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When you said that the element was considered empty, you were right. Although there is a title and button in the element, both are fixed positioned. So the map wouldn’t show. I hadn’t thought of the flow issue.

My goal is to have the map be the background image. As best as possible it should cover the viewports of all sizes of devices. It should also be scrollable by the user. However, the site title and button should not scroll, thus they are fixed.

I have mostly accomplished this with this setting for the map:

body {
background: url(‘/ImgMaster/map.jpg’) no-repeat center center/cover;
width:100vw;
height: 250vh;
max-width: 1500px;
}

The height requires adjustment for different devices. Perhaps there is a better way. Earlier you mentioned using an aspect ratio technique for the background. I’ve never done that. Do you think that is the best way to go to accomplish my goals?

Here is the map image:

I understand your comment regarding having a landing page but, in this case, it is appropriate.

Thank you.

UPDATE: I tried the aspect ratio method and it seems to have worked pretty well for the map. Here is the code I used:

body {
background: url(‘/ImgMaster/map.jpg’) no-repeat center center/cover;
width:100vw;
height: 0;
max-width: 1500px;
padding-top: 135%;
}

The whole map appears on all devices. However, on small screens in portrait mode, the map doesn’t fill the whole screen vertically. I guess that is understandable. Maybe a method other than aspect ratio needs to be used for those screens. If the map is enlarged to fill the height then the sides will have to be cropped some.

Coding is fascinating but takes a lot of learning. I’m retired so I have time.

Hi there Engine44,

does this help…

Page View

https://codepen.io/coothead/full/XWboEdw

CSS Code

https://codepen.io/coothead/pen/XWboEdw

coothead

2 Likes

Yes practice is the key and there is so much to learn with CSS these days :slight_smile:

I forked the example from @coothead (thanks) and placed your text in a responsive way.

Yes most phones have a width that is not even half of their height so you cannot make a square fit an oblong without cropping it in some way. I would suggest that in the media query for smaller devices you increase the padding-top and then use background-size:cover. It will of course crop the sides a little as the image zooms out in order to fit the height but should still be pretty much ok.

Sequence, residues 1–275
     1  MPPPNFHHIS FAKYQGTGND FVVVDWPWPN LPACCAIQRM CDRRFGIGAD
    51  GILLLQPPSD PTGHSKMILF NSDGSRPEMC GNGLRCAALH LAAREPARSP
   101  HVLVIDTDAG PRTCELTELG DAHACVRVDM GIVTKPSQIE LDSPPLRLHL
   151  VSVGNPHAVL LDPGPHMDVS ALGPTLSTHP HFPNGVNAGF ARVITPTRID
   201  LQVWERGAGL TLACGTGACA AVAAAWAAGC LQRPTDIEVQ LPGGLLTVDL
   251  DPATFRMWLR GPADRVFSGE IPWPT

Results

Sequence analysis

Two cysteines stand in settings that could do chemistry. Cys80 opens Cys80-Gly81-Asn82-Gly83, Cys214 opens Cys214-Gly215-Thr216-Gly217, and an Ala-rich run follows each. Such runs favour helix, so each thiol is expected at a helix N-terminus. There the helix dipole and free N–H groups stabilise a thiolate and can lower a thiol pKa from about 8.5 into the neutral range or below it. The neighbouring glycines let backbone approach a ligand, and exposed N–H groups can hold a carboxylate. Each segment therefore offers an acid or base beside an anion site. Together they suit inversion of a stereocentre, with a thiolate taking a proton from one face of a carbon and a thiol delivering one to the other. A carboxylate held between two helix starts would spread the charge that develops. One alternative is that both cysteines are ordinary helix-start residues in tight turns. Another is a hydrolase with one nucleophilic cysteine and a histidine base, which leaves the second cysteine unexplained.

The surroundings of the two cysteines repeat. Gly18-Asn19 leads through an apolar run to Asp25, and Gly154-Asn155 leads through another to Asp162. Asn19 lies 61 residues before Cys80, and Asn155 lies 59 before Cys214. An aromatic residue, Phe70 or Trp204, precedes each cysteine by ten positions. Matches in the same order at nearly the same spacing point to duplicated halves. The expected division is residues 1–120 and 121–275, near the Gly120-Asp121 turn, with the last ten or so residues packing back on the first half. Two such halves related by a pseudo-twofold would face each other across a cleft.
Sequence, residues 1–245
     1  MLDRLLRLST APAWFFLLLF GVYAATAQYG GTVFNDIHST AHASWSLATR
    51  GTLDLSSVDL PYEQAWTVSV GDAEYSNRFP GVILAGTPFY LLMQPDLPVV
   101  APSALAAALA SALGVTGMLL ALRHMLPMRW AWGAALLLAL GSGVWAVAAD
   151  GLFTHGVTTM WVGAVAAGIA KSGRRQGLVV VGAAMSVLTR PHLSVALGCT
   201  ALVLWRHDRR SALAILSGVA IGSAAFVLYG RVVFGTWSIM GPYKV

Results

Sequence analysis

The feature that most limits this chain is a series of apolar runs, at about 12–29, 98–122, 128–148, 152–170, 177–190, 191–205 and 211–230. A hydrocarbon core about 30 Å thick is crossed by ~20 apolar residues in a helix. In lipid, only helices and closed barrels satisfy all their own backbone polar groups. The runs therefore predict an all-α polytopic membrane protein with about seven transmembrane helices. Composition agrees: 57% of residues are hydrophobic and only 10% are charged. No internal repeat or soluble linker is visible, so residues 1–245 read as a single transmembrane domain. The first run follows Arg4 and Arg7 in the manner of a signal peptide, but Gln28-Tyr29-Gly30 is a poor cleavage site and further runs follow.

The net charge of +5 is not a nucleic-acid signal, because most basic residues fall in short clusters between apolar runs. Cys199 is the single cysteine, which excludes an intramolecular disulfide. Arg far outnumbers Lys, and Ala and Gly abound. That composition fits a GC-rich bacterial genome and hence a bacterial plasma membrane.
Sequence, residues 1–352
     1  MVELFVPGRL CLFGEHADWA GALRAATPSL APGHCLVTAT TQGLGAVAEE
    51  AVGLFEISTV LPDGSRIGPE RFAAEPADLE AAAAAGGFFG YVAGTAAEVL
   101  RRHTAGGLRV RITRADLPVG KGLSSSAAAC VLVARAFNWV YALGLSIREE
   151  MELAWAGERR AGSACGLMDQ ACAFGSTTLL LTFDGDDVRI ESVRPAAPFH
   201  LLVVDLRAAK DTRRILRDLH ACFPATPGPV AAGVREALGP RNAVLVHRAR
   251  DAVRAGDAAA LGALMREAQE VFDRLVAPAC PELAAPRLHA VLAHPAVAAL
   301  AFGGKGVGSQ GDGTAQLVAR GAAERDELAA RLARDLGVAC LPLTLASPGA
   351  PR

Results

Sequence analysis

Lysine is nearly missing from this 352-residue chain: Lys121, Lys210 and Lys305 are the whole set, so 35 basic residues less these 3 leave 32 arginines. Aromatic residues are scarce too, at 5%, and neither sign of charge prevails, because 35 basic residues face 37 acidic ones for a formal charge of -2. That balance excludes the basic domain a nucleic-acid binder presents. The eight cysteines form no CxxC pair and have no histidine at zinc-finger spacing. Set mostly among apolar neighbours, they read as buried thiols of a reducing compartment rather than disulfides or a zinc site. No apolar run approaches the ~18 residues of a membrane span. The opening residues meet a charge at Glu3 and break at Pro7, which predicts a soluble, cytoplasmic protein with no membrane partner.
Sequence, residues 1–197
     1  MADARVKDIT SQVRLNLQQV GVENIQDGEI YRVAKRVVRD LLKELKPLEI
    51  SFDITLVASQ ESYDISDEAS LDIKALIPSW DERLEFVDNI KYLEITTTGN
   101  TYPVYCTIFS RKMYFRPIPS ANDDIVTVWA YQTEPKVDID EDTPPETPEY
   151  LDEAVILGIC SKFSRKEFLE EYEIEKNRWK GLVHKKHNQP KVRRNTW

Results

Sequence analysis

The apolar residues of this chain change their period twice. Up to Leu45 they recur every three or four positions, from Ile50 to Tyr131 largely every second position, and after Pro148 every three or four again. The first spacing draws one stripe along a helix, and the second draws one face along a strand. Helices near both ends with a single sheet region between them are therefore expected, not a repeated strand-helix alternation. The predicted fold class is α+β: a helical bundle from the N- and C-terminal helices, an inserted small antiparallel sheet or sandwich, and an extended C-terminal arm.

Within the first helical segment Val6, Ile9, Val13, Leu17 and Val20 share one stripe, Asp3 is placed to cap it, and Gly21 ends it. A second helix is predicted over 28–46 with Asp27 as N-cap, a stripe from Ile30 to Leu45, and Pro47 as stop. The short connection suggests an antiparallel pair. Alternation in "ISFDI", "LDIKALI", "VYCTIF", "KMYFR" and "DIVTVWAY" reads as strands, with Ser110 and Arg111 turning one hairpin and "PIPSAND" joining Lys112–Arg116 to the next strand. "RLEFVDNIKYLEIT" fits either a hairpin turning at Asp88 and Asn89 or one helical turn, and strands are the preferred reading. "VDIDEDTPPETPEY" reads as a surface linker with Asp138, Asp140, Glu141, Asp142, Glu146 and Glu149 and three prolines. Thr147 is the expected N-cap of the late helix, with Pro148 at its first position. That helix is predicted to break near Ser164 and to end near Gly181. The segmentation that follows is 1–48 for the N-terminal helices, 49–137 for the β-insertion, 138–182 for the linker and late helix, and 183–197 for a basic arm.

Alternatively make it a feature and colour the bottom of the screen using a suitable background colour on the body (In my example above I used a yellowish background but there’s no reason you couldn’t use something more striking.

Remember all browsers don’t have to look the same.

2 Likes

Thank you. I successfully tried a version of that method.

I’ve studied your design approach which is obviously better than mine. The use of flex-column is great. I’ve incorporated most of your methods. Thank you.

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Good morning, In your code example, the second line of the title text wraps as the viewport narrows. Which part of the code causes that? Thanks

Depending on the font-size the text wraps by itself when the line becomes too short.

You could try avoid the wrap by adjusting the font-size in a narrower media rule.

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In my opinion the wrapping text looks better on the smaller devices but as Erik said you can reduce the minimum font-size in the media query.

e.g.

@media (max-width: 666.6666666667px) {
  .heading {
    font-size: 1.5rem;
  }
}

No, I like it. Just wanted to know what causes it. Thanks.

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No, I like it. Just wanted to know what causes it. Thanks.